Day Two of the 3-day hearing before the Divisional Court focused on the finding of the Environmental Review Tribunal that if allowed to proceed Gilead Power’s wind project at Ostrander Point in Prince Edward County will cause serious and irreversible harm to Blanding’s Turtles. Continue reading …
The following is an APPEC report for the first day of the Ostrander Point ERT Appeal hearing. Paula Peel of the APPEC Board will be reporting on the proceedings trough the week.
Report on Jan 21, 2014 Ostrander Point ERT Appeal Hearing
by Paula Peel, APPEC board
It was hard to find an empty seat on this first day of the hearing. County residents and supporters of the Prince Edward County Field Naturalists (PECFN) once again showed their resolve to protect Ostrander Point from wind turbine development. And once again they face stiff opposition. At least 8 lawyers from Gilead Power, the Ministry of the Environment and CanWEA are representing Gilead ’s interests.
The hearing began with Gilead introducing its game-changing motion to bring in new evidence. According to Gilead lawyer Doug Hamilton, the facts have changed since July 4, 2013 when the Environmental Review Tribunal revoked Gilead ’s REA approval. Gilead is now in possession of a revised permit from the Ministry of Natural Resources (MNR) that requires that the access roads be closed to the public and the installation of gates. As reasoned by Gilead these mitigations address the Tribunals’ concerns that the wind power project will cause serious and irreversible harm to Blanding’s Turtles.
PECFN lawyer Eric Gillespie noted that Gilead and the MNR were having discussions about fencing and the leasing of crown land for the access roads back in 2010. If these issues were so important why was not one word said about any of this at the ERT hearing? As noted by Mr. Gillespie, there are also disclosure requirements: Gilead had every opportunity to bring these issues up at the ERT hearing and chose to withhold it. Mr. Gillespie argued that Gilead should not be rewarded by the Court at this time with an opportunity to bring “new” information forward.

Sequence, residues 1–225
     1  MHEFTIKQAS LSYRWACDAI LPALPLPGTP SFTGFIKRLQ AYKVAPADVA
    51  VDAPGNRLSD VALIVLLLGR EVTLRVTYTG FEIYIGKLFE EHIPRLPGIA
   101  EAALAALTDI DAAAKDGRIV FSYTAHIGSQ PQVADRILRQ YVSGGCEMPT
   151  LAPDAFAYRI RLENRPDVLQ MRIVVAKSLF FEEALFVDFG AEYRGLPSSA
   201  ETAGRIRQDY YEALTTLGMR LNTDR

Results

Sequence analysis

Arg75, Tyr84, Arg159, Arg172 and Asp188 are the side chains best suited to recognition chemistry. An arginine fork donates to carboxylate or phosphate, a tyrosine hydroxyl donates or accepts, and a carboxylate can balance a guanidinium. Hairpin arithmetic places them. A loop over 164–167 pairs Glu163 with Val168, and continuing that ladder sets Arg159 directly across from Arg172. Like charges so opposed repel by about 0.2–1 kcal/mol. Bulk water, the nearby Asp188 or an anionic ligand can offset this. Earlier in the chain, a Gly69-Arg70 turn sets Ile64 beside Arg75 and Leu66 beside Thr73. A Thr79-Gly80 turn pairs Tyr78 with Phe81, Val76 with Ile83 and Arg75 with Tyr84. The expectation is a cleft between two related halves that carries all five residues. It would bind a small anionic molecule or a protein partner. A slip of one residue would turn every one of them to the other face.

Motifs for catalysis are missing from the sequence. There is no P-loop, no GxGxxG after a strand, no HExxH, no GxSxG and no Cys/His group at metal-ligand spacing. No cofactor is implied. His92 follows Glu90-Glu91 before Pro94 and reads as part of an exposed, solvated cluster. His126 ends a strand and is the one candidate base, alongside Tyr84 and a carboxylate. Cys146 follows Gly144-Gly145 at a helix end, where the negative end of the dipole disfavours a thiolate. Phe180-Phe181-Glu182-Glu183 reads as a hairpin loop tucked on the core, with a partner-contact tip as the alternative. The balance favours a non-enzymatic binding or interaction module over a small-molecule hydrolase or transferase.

The attempt by Gilead’s lawyers to enter this new evidence fell flat with the Court dismissing the motion. The Court noted that reasons for the dismissal will be given at the same time reasons are given for the main appeal.
Gilead lawyers will now attempt to argue three issues: (1) that the Tribunal misunderstood the terms and provisions of the Overall Benefit Permit (2) that the Tribunal committed palpable and overriding errors in coming to a conclusion not supported by evidence, for example in drawing conclusions about turtle mortality without any evidence of number of turtles on site and (3) that the Tribunal failed to exercise its jurisdiction in rescinding REA approval and failed to provide natural justice and fairness.
The hearing resumes on Wednesday and is set to conclude on Thursday.
There was some great news today for the Prince Edward County Field Naturalists (PECFN) from the Ontario divisional court panel, headed by Justice Ian Nordheimer. The 3 judge panel ruled that Gilead Power could not introduce new evidence in the appeal. New evidence is not permitted during the appeal process. The arguments continue tomorrow on the ERT legal findings. Gilead continues the appeal on the Blanding’s Turtle ERT findings and PECFN’s appeals to protect the Important Bird Area and the Alvar wildlife habitat at Ostrander Point.
Both APPEC and the Association to Protect Amherst Island (APAI) has sent out a notification requesting support for people to post comments concerning the Windlectric’s 37-turbine wind project on AmherstIsland that has been deemed complete by the Ministry of the Environment (MOE) and is now posted on the Environmental Registry.
Dear APPEC Members:
The new year has begun with some disheartening news: Windlectric’s 37-turbine wind project on AmherstIsland has been deemed complete by the Ministry of the Environment (MOE) and is now posted on the Environmental Registry. As seasoned APPEC members will recall this pushes the wind project forward to the technical review phase, the final phase of the REA approval process.
This posting should send a chill down our collective spines with respect to wpd’s White Pines Wind Project. The Ministry of the Environment (MOE) continues to act with impunity, issuing approvals for wind projects in the worst places imaginable.
The Association to Protect Amherst Island is honoured to welcome Dr. Roberta Bondar as a Friend of Amherst Island. The world’s first neurologist in space, acclaimed photographer, environmental educator, author and humanist, Dr. Bondar strongly supports the preservation of Amherst Island.
Continue reading … the full posting on the Association to Protect Amherst Island (APAI)
Parker Gallant from the County in preparation for the Ostrander Point appeal learned of this US report. He also learned that in spite of the fact bats fly hundreds of meters, the Ontario regulations only consider harm to these animals if found on the ground within 50 meters of a turbine. Who would have guessed the size of the blinders worn by the people responsible of reporting these kills?